I’m surprised Art didn’t mention planar speakers (unless the comment about being “happy to have any bass at all” was a dig at his QUADs). The Magnepan MMG, for instance, has almost 700 sq. in. of radiating area, costs less than one third of the least expensive speakers mentioned in the column, and would fit well in a 12x19 room. Not much bass quantity, perhaps, but that’s why bigger (and more expensive) planars exist. Thanks for the Rosen quote.

dalethorn's picture

Some years back I read an article, perhaps in Audio magazine, describing a tiny loudspeaker that pumped out 1/4 acoustic watt of power at 30 hz or thereabouts. I sat down and wrote (before email) a letter to Paul Klipsch asking whether his Klipschorns could match that. I must have committed a heresy of my own, because he wrote back (handwritten) a letter explaining what real bass is and how the Klipschorn makes it happen, and that I shouldn't concern myself with juvenile fantasies of big bass in little speakers. And I did hear a Klipschorn in Cleveland after that, which sounded pretty neutral tonally. But no big scary bass.

prerich45's picture

You guys may get me to renew my subscription yet!!!!  This was one great article!!!! Bravo Zulu!

Freako's picture

Hi Art,

I love reading your column, even though sometimes it's about some things, of which I really haven't got a clue. But what the heck, you can always try to learn, right?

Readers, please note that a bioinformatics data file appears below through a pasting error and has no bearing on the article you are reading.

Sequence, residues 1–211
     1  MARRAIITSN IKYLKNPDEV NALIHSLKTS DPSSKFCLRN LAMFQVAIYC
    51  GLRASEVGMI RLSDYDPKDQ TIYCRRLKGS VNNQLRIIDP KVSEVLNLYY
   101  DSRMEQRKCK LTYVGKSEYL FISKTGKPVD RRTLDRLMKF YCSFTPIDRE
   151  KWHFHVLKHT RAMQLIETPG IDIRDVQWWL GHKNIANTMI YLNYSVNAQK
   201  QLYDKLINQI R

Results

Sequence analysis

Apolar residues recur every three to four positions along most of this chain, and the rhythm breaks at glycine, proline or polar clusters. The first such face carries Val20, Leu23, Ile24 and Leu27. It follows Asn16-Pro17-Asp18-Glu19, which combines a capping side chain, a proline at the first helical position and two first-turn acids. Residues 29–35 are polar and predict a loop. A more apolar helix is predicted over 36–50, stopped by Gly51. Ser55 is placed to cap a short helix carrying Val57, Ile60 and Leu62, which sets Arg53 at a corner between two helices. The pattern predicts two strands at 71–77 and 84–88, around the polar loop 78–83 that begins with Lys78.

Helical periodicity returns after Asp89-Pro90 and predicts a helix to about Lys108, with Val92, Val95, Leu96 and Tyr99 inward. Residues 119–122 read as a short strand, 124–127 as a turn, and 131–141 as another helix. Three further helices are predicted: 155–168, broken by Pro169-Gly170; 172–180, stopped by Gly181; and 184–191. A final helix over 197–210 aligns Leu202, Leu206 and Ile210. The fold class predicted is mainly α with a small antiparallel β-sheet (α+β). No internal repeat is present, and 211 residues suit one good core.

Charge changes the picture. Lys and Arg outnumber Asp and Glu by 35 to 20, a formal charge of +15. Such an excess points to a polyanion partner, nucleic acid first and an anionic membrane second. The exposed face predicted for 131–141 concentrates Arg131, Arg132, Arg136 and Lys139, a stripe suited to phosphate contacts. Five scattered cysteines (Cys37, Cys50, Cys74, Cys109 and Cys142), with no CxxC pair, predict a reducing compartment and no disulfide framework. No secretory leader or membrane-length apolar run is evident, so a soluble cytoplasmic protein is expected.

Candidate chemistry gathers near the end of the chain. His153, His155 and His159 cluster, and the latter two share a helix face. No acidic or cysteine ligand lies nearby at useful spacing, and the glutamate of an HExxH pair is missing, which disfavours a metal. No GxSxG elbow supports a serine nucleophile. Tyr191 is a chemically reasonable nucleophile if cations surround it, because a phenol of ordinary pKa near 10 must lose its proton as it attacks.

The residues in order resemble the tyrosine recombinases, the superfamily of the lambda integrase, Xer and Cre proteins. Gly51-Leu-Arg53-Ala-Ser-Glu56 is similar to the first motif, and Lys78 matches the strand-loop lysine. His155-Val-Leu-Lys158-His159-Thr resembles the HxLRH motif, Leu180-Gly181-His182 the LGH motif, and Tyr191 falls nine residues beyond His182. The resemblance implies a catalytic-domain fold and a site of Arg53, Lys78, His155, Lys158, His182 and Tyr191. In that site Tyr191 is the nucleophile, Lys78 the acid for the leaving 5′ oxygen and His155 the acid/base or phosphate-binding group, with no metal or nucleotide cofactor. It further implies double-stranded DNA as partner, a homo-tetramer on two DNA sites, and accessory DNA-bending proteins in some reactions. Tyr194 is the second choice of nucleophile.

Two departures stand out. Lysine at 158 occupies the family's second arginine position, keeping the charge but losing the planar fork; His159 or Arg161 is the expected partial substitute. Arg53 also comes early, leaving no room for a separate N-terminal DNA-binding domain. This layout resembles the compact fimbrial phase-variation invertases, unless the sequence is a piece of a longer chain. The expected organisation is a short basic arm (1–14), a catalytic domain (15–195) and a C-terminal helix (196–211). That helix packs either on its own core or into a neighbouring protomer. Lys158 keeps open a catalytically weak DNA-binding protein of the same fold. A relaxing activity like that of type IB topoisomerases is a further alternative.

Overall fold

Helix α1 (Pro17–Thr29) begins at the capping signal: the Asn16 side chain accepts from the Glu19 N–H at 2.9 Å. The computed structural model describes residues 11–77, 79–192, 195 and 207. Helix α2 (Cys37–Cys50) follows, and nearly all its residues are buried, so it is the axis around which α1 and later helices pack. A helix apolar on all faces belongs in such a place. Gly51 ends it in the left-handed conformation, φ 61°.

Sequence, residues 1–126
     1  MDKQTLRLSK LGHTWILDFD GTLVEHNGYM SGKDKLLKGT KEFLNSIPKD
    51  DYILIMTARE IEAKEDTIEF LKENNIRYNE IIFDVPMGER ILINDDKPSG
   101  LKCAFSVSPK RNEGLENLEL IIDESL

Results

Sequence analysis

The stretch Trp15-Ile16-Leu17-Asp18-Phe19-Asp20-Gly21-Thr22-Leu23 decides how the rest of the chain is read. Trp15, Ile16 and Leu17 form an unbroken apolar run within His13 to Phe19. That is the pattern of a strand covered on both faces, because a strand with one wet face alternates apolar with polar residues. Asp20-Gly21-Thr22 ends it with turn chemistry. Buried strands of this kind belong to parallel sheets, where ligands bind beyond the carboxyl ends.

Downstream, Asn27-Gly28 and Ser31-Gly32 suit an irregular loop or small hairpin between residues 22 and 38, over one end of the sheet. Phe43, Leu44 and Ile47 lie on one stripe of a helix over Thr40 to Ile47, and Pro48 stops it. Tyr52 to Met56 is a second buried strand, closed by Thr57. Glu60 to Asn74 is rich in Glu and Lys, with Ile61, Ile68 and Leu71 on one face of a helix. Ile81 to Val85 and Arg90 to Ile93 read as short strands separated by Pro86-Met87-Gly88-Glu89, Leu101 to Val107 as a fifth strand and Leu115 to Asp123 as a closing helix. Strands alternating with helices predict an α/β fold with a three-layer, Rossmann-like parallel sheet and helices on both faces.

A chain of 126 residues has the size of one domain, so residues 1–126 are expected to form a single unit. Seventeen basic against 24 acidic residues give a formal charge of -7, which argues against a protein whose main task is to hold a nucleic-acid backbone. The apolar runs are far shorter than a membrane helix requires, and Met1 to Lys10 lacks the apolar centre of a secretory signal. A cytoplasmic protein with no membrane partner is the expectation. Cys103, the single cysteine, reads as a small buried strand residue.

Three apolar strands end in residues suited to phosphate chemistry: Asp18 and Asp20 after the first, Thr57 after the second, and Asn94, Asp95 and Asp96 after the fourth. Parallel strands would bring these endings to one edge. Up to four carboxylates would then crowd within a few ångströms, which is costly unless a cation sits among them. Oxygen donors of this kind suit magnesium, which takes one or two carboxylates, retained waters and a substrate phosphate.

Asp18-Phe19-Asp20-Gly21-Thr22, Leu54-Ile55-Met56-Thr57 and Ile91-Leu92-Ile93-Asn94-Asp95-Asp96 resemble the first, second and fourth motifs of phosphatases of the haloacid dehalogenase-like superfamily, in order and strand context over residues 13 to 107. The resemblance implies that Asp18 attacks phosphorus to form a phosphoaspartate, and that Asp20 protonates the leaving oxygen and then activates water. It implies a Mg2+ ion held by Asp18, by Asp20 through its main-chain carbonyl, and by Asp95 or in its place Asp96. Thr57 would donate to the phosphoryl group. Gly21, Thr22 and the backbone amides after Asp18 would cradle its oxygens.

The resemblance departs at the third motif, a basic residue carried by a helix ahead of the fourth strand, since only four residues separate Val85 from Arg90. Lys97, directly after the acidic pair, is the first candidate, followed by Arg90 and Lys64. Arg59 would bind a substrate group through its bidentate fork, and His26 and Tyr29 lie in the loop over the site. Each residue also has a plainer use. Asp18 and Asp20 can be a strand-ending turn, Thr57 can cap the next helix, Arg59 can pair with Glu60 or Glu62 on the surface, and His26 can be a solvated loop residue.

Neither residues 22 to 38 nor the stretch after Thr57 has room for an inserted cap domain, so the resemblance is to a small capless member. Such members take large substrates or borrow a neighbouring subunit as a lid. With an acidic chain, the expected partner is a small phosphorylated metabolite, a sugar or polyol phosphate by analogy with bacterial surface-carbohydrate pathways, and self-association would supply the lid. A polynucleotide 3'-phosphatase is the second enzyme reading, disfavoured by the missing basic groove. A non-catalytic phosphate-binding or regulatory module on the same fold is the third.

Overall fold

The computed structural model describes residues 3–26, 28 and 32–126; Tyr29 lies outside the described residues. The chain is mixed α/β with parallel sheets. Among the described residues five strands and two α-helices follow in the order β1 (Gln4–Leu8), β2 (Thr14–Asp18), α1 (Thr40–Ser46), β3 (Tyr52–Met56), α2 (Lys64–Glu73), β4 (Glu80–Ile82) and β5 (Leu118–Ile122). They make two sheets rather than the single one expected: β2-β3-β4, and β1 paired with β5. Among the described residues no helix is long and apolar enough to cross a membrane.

Other times I discover little golden nuggets in your column, and although you and I obviously don't agree on everything on this planet (which would in fact be weird), I surely respect your opinions. Why? Because they are built on facts, or at least on educated guesses. I also like your old fashioned (no pun intended) view on many things, especially audio, probably because I clearly remember the wonderful sound of 1950'es and 1960'es hifi equipment.

From the time when I wore diapers (1952-53), I was treated with a daily dose of Harry Belafonte, Nina & Frederik, plus a lot of other music that I don't remember quite as clearly, but I have had countless wonderful experiences with good music and decent equipment for decades. And at least I can still enjoy some of the sound of the above mentioned artists, as I still have recordings with them from that period. Hifi of that age sounded absolutely wonderful.

But now to the point:

Some years ago I worked with a bunch of students in the Danish State Archives, and one day some of them decided to go to a rock concert with the Danish (grunge?) band Kashmir. I decided to go with them, and be young with the young, just for a night. So, off we went to Little Vega...

Geez, that was a scary experience! The foremost half of the audience constantly jumped around like they were on drugs, which they may well have been, and the music (although it may have been okay if I'd been able to hear it) was completely drowned in a wall of bass, so loud and uncomfortable, that my ears sang for two days straight afterwards. There was simply no way of hearing the lead guitar or any vocals at all. A bit of drum forced its way through the wall of bass at times, but that didn't make the experience the least bit better.

Later I came to thinking that their sound engineer must have had his hearing severely damaged, since he was able to totally destroy whatever message a otherwise great band had in mind for us. Perhaps the band members and half the audience was deaf as well, I really don't know, but for me, another concert with Kashmir is out of the question.